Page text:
Invocation Sondheim Sings Stephen Sondheim This was originally the opening number for A Funny Thing Happened on the Way to the Forum. It was cut because the director couldn't hum the tune (!) but bits of the lyric made it into the final opening number, "Comedy Tonight".
Miracle Song Sondheim Sings Stephen Sondheim This and the next two cuts were written from Sondheim's 1964 flop Anyone Can Whistle which deals with (among other things) Mayor Cora Hoover Hooper schemes to revive her town's economy by faking a miracle. This song made the final cut.
The Lame, the Halt and the Blind Sondheim Sings Stephen Sondheim This one didn't. Which is a pity, because it's a clever send-up of religious hucksterism.
Pleasant Little Kingdom Sondheim Sings Stephen Sondheim This was cut from Follies.
Send in the Clowns Sondheim Sings Stephen Sondheim Sondheim made this recording for his Aunt Marienne's birthday in 1980.
Lemon Car Give Us a Break Proctor and Bergman Can you count how many calypso/reggae songs are parodied? I got around 6 but I may have missed one.
Onion Radio News 45 The Onion's Finest News Reporting Doyle Redland The NRA changes its focus from weapons to penmanship.
My Drugs are Red, White and Blue G.O.P. Party Monsters Wayne Lammers and Pete Levin Celebrity junkie Rush Limbaugh tells all!
Mechanical Objects Standup Comic Woody Allen Woody discusses his inability to relate to mechanical objects
The Moose Standup Comic Woody Allen Woody goes hunting, with disastrous results
Private Life Standup Comic Woody Allen From a set at Mr. Kelly's in Chicago in March of 1964, Woody updates us on his surreal private life.
It Pays to Advertise The Broadway Musicals of 1926 Eddie Korbich The comedy number about the advertising business is still surprisingly fresh today. It's from the B.G. DeSylva/Lewis Gender show Queen High.
I Would Like to Fondle You The Broadway Musicals of 1926 Marc Kudisch The word was somewhat less suggestive in 1926 than it is now. This is from Castles in the Air by Raymond Peck and Percy Weinrich.
Gentlemen Prefer Blondes The Broadway Musicals of 1926 Sutton Foster, Nancy Anderson, Nancy Opel This one is also from Queen High. The musical Gentlemen Prefer Blondes (based on the Anita Loos novel and play) wouldn't appear until 1949.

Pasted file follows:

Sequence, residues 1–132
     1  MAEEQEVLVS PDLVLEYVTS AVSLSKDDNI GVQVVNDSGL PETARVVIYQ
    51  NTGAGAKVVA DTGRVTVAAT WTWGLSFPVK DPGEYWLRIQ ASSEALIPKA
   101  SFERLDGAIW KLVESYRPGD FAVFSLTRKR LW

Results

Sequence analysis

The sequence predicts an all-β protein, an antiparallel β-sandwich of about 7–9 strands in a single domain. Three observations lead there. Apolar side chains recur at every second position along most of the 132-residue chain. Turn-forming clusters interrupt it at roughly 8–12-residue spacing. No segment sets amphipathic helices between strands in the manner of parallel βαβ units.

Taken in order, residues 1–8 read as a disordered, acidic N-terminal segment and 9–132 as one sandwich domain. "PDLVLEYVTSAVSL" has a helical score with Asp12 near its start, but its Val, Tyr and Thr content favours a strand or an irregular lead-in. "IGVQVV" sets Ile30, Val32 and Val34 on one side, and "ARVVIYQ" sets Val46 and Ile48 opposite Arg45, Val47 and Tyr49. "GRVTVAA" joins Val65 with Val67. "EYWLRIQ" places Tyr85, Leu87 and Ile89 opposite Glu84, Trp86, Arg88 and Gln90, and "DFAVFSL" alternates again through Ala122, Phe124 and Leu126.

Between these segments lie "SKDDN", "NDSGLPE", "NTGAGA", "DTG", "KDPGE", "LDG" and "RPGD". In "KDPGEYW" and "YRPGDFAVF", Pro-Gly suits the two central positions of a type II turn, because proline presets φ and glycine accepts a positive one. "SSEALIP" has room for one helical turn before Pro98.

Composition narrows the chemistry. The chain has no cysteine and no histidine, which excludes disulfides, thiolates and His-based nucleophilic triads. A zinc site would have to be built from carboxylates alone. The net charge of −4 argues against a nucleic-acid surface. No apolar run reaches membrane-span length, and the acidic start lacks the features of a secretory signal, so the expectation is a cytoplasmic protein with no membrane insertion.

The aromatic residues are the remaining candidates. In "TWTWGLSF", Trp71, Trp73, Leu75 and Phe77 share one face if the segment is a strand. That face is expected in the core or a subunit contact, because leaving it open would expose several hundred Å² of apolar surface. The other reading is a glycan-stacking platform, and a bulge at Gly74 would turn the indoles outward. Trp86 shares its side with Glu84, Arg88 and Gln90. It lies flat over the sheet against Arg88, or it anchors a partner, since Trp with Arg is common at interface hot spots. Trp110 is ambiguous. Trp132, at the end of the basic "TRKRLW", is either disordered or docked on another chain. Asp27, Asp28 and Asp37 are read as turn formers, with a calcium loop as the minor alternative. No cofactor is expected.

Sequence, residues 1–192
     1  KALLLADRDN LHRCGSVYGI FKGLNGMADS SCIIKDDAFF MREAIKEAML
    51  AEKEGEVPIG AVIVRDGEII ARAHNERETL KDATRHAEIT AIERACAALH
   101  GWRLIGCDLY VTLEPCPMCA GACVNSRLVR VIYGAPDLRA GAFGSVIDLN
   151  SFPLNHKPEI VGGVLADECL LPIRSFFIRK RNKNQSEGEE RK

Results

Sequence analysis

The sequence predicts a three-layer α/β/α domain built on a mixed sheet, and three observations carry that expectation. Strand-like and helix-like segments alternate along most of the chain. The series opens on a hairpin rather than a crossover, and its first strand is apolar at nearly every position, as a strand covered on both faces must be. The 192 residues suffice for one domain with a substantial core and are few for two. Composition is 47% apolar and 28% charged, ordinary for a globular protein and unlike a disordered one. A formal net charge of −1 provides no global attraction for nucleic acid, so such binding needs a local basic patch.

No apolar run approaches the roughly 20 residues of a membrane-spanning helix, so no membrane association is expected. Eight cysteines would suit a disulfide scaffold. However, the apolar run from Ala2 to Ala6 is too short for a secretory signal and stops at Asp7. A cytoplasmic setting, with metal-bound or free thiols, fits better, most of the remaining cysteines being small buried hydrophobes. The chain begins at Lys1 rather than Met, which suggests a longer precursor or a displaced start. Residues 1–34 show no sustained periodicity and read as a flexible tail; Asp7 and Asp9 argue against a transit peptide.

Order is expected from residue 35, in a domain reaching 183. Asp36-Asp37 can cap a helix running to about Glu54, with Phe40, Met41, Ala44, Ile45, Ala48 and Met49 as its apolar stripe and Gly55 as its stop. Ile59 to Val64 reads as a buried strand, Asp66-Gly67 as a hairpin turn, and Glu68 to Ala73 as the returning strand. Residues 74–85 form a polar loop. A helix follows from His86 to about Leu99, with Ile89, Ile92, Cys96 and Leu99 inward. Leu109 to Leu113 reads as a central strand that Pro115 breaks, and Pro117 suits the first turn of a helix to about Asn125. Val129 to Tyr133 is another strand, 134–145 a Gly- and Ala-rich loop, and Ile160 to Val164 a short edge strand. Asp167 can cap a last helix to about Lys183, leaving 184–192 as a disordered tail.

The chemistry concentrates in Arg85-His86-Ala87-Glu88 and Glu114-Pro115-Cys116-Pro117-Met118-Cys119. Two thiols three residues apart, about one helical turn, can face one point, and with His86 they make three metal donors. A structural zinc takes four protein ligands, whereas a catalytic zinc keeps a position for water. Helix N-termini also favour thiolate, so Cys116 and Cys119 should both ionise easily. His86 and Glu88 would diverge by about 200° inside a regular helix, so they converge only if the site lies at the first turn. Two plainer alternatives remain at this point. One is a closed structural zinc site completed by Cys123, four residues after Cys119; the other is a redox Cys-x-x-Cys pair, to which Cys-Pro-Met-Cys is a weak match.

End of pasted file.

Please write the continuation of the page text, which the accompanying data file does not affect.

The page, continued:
Don't Fall in Love With Me The Broadway Musicals of 1926 Marc Kudisch This song and the next one are from Herman Hupfeld's The Merry World. This is their first recording.
Sort O' Lonesome The Broadway Musicals of 1926 Nancy Anderson Hupfeld is best known now and the composer of "As Time Goes By", but his work was often featured in Broadway revues, from this one in 1926 to Ziegfeld Follies of 1957.
If You Knew Susie The Broadway Musicals Cut-Outs Walker Jones Although Al Jolson introduced this in Big Boy (1925), it was the later Eddie Cantor version that became a hit.
How High the Moon The Broadway Musicals Cut-Outs John Dossett Although this is usually done as an up-tempo number, it was written as a ballad for a scene in blacked-out London during an air raid.
It's Me Again The Broadway Musicals Cut-Outs Darius DeHaas This number and the next one are both from the 1939 Lew Brown/Charles Tobias/ Sam Stept show Yokel Boy. De Haas shows off some impressive scat singing on this one.
Comes Love The Broadway Musicals Cut-Outs Annie Golden Golden vamps her way through this one in fine style.
I Bet You They Won't Play This Song on the Radio Monty Python Sings! Eric Idle Somehow this just seemed an appropriate way to end the last Stage Left episode (at least in this time slot). Thanks to any/all who have been listening since last falll; see you on the Funway.


Acronyms and other mysteries defined:

OC: Unless otherwise indicated, the Original Cast recording of a Broadway show, along with the date.

OS: Unless otherwise indicated, the Original Soundtrack recording of a film, TV show, etc.